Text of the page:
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Democratic-Controlled House

Democrats are hoping the coming election will give them a majority in the House of Representatives. Republicans and much of our nation dread that prospect. My question is: What would a House majority mean for the Democrats? Let’s look at it.

To control the House of Representatives, Democrats must win at least 218 seats, which many predict as being likely. To control the Senate, Democrats must win enough seats to get to 51, which many predict is unlikely. Let’s say the Democrats do take the House. If they were to pass a measure that Republicans in both houses didn’t like and President Donald Trump didn’t like, either, he could use his veto pen. To override Trump’s veto, Democrats would need to meet the U.S. Constitution’s requirement that they muster a two-thirds vote in the House of Representatives (290 votes) and a two-thirds vote in the Senate (67 votes). Neither would be likely.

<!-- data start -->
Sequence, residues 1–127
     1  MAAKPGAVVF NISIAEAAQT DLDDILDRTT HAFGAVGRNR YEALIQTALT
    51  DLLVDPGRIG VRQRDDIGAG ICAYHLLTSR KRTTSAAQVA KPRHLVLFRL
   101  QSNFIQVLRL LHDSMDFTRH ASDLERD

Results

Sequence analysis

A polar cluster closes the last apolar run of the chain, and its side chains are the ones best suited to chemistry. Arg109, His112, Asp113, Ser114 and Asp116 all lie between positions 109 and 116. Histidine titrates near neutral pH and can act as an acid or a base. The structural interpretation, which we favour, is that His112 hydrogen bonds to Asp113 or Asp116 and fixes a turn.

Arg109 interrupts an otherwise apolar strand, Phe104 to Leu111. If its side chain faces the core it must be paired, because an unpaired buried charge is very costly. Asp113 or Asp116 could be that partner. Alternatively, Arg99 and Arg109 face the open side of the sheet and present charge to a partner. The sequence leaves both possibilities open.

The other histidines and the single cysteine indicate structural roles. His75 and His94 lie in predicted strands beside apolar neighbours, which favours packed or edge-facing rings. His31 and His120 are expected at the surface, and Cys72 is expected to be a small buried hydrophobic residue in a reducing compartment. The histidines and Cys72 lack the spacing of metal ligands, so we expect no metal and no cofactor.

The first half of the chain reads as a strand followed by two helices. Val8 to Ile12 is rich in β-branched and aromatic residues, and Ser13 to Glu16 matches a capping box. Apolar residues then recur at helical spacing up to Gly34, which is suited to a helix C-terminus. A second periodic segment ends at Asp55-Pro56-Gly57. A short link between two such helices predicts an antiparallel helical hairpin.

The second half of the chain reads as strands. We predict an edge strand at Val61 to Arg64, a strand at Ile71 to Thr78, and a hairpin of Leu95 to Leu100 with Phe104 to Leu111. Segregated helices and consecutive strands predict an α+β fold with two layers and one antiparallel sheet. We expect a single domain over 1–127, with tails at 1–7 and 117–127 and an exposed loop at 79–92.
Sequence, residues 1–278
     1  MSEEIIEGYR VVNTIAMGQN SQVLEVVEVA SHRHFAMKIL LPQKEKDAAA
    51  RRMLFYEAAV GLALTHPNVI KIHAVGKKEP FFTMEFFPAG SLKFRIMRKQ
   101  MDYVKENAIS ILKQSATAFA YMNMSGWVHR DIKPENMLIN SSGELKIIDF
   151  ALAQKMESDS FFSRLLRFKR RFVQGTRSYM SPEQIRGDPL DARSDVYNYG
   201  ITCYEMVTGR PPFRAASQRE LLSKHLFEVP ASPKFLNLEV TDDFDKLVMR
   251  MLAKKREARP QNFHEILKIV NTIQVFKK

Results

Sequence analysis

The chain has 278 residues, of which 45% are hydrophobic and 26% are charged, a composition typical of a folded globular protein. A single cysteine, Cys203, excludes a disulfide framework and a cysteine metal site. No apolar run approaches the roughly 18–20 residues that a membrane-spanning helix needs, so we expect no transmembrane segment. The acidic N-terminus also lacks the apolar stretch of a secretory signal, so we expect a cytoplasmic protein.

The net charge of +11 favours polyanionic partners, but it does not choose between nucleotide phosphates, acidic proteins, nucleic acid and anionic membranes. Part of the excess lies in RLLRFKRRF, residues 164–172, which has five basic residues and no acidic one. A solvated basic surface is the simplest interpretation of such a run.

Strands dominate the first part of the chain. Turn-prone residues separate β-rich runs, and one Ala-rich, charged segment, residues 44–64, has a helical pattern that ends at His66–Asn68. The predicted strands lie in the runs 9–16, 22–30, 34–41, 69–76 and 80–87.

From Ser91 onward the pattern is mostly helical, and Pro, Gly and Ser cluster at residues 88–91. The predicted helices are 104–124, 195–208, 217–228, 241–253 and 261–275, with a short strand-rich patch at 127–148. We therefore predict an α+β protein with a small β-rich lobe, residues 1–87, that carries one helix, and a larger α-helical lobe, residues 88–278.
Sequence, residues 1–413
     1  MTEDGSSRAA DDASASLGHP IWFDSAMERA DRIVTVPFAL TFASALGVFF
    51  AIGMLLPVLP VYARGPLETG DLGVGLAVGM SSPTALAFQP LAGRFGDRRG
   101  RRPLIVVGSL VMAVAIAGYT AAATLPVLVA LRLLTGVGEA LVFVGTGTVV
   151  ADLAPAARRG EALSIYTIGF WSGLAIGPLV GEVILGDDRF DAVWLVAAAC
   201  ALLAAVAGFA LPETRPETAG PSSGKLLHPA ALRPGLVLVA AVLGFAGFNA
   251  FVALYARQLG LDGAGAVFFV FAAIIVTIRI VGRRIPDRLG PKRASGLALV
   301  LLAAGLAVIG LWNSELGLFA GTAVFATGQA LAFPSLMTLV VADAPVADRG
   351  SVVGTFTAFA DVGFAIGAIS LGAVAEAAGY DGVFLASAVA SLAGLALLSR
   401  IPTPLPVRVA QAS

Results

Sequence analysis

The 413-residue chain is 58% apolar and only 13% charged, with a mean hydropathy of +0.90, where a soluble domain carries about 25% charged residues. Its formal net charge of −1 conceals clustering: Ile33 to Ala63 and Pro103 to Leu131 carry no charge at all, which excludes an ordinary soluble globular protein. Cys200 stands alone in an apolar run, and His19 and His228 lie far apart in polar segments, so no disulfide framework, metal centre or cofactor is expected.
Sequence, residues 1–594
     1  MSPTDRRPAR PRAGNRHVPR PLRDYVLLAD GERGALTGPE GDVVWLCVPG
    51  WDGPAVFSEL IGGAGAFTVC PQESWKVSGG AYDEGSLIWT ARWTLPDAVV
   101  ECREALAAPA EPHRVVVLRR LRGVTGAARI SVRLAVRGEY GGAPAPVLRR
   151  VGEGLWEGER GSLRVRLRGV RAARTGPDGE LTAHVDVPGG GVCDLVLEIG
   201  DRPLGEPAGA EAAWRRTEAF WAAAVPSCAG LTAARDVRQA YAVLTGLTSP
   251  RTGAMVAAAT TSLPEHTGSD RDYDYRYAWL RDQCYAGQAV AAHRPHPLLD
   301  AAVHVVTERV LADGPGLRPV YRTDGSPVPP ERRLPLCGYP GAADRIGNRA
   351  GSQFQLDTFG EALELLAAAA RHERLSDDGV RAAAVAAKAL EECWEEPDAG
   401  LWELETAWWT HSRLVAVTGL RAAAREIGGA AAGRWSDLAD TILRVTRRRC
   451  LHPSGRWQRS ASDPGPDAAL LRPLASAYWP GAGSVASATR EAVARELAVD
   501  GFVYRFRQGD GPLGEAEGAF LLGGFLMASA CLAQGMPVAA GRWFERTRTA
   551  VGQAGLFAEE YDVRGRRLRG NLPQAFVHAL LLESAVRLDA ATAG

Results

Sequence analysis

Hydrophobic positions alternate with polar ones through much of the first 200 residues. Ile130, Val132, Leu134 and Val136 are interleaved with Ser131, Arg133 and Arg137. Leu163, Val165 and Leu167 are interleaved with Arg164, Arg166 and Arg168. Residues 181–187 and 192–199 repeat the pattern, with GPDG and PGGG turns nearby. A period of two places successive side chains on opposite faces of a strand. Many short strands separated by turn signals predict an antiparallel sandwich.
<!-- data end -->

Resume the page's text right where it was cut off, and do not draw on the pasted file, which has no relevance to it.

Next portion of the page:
It’s quite a challenge to override a presidential

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Author
Walter Williams
Walter E. Williams is an American economist, commentator, and academic. He is the John M. Olin Distinguished Professor of Economics at George Mason University, as well as a syndicated columnist and author known for his libertarian conservative views. His writings frequently appear on Townhall.com, WND, Jewish World Review, and hundreds of newspapers throughout the United States.
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